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Societies and technologies were deeply intertwined in the history of late 19th-century South Africa. The late 19th century saw the significant development of capitalist agriculture, together with the expansion of mining. The technological side of farming and mining had a significant influence on social and political development. Meanwhile, as in many other colonial outposts, local innovators and entrepreneurs played significant roles in business as well as government. Technological developments were not simply imported or imposed from Great Britain. Everyday technologies, ranging from firearms to clothing, were the subjects of extensive debate across southern Africa’s different cultures.
Susana Carvalho and Megan Beardmore-Herd
The origin of technology is believed to have marked a major adaptive shift in human evolution. Understanding the evolutionary process(es) underlying the first human adaptation to tool use, and the subsequent process(es) that led Homo sapiens to become the only extant primate fully dependent on technology, is one of the most stimulating topics of research of present-day archaeology. New fields of research have been founded (e.g. primate archaeology, Pliocene archaeology) during the quest to find out how old technology is, where it originated, and who were the first tool users. Historically, the vast majority of the information on this topic comes from the study of lithic (stone) tools, tools whose manufacture was generally believed to be a uniquely human characteristic until well into the 1960s. The production of lithic technology was linked first to the origin of the earliest hominins (the taxonomic group comprising modern humans, extinct human species, and all immediate human ancestors), being thought to have co-evolved with traits such as bipedalism or hunting/scavenging, and later to the evolution of the genus Homo and accompanying increases in brain size. As a result of breakthroughs in the field of primatology, and greater interdisciplinary work between archaeologists and primatologists, a paradigm shift in beliefs surrounding the uniqueness of human technology is underway. Following discoveries from the second half of the 20th century and the early 21st century, habitual tool use, tool manufacture, and the production of flakes are now known to occur in extant non-human species, firmly decoupling brain size expansion, bipedalism, and the origins of technology. Knapped stone tools and cut-marked bones have been discovered dating to ca. half a million years before the earliest evidence of Homo, giving rise to the possibility that earlier, previously unconsidered hominins, or even other extinct non-human primates, could have been responsible for the inception of tool use and manufacture. Following these advances, it is reasonable to hypothesize that the origins of technology may lie much further back in time than the earliest discovered modified stone tools—perhaps as far back as the late Miocene with the last common ancestor of Homo and Pan. Moreover, discoveries of lithic technology in more distantly related species, where convergent evolution is the most parsimonious explanation, strongly suggest the existence of multiple evolutionary pathways for technological emergence. While there is still much to unearth, the extension of the antiquity of modified stone tools, combined with the increased focus on interdisciplinary studies between archaeologists, primatologists, and paleoanthropologists, has gone a long way in overturning outdated beliefs by demonstrating that the development of technology is unlikely to have been a simple, linear process resulting from a single event or factor in the evolutionary history of humans.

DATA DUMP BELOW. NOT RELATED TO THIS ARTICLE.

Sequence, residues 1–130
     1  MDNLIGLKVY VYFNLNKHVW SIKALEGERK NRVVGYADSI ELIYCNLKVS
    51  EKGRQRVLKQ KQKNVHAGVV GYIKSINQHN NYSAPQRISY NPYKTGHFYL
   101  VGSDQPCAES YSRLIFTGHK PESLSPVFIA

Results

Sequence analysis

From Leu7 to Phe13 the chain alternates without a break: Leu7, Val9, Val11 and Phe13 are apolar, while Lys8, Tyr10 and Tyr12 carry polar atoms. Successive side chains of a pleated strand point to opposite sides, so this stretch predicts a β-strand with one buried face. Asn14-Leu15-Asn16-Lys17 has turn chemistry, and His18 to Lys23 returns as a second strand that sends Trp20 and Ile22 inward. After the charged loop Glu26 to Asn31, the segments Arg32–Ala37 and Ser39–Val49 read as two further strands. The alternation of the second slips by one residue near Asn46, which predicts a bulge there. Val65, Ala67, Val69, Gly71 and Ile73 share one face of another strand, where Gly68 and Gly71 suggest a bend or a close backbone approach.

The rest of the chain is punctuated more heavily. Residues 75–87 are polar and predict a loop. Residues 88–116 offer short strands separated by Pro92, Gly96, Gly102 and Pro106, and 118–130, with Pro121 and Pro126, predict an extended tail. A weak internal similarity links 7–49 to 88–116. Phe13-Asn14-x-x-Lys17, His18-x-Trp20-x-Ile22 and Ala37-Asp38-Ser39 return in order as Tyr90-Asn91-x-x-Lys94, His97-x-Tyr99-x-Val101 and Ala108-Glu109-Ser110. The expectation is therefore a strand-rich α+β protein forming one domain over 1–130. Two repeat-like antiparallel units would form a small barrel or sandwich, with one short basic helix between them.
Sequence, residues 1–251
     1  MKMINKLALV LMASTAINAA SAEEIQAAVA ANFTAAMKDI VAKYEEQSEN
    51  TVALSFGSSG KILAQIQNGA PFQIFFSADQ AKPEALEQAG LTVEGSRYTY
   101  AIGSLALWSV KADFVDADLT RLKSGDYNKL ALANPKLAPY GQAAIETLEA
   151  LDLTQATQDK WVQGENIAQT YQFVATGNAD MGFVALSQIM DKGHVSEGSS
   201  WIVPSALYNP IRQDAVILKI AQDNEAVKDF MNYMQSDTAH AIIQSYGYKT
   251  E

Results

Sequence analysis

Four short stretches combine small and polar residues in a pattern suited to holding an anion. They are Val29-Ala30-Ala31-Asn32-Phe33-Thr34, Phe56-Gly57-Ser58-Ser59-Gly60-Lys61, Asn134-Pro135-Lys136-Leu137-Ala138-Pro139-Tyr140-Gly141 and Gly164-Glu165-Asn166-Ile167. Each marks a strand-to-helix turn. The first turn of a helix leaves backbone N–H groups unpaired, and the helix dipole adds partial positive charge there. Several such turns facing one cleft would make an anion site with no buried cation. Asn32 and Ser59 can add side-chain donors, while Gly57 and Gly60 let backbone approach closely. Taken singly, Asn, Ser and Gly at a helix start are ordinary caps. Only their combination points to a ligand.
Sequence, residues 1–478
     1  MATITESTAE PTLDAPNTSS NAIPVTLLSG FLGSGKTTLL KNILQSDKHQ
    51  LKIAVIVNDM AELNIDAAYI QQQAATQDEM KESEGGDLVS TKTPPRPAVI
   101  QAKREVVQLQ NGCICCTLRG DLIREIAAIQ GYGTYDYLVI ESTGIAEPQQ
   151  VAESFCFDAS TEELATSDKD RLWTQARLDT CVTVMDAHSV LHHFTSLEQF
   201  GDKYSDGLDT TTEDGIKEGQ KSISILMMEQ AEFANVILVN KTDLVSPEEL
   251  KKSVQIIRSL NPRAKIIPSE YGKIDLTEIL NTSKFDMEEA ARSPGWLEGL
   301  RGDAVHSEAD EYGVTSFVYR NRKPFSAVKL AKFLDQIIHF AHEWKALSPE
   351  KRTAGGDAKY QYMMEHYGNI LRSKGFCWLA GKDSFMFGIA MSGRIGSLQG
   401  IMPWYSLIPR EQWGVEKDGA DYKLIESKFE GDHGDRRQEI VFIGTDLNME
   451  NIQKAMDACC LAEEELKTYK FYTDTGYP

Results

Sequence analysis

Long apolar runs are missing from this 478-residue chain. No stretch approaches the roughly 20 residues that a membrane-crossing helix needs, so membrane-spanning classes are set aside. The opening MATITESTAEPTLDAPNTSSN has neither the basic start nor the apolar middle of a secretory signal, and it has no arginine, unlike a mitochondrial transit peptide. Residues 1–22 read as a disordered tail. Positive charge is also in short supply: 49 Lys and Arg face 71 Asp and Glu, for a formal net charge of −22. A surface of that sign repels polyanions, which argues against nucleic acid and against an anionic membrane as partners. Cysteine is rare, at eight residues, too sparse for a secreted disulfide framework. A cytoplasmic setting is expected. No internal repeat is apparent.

Political complexity in archaeological research has traditionally been defined as socio-political differentiation (roles, statuses, offices) integrated through centralized systems of power and authority. In recent decades the assumption that complex organizational forms tend to be hierarchical in structure has been called into question, based upon both archaeological research and ethnological observations worldwide, including in classic archaeological case studies of centralization. Moreover, there has been an increasing interest in exploring variability in political legitimizations and articulations of power and authority globally. Until these theoretical shifts, West African complex societies, both archaeological and from ethnographic analyses, were largely ignored in discussions of political complexity since many (but not all) conformed poorly to the expectations of highly centralized power and administration. West African ethnohistoric and archaeological examples are now playing important roles in current discussions of heterarchical organizational structures, checks on exclusionary power, cooperation, urbanism, ethnicity, and the nature of administration in states.
Gregory H. Maddox
The Dar es Salaam School of African History refers to the work of a group of historians based at what became the University of Dar es Salaam in Tanzania. Led initially by Terrance O. Ranger, the scholars of the History Department there in the late 1960s focused on researching and writing a new history for a newly independent nation. The works produced focused on the idea of Africans making their own history and on the rise of anticolonial nationalism. They most immediately argued that common oppression by colonial states created the conditions for the development of organic national movements for liberation. This later aspect led this type of history to be called nationalist history.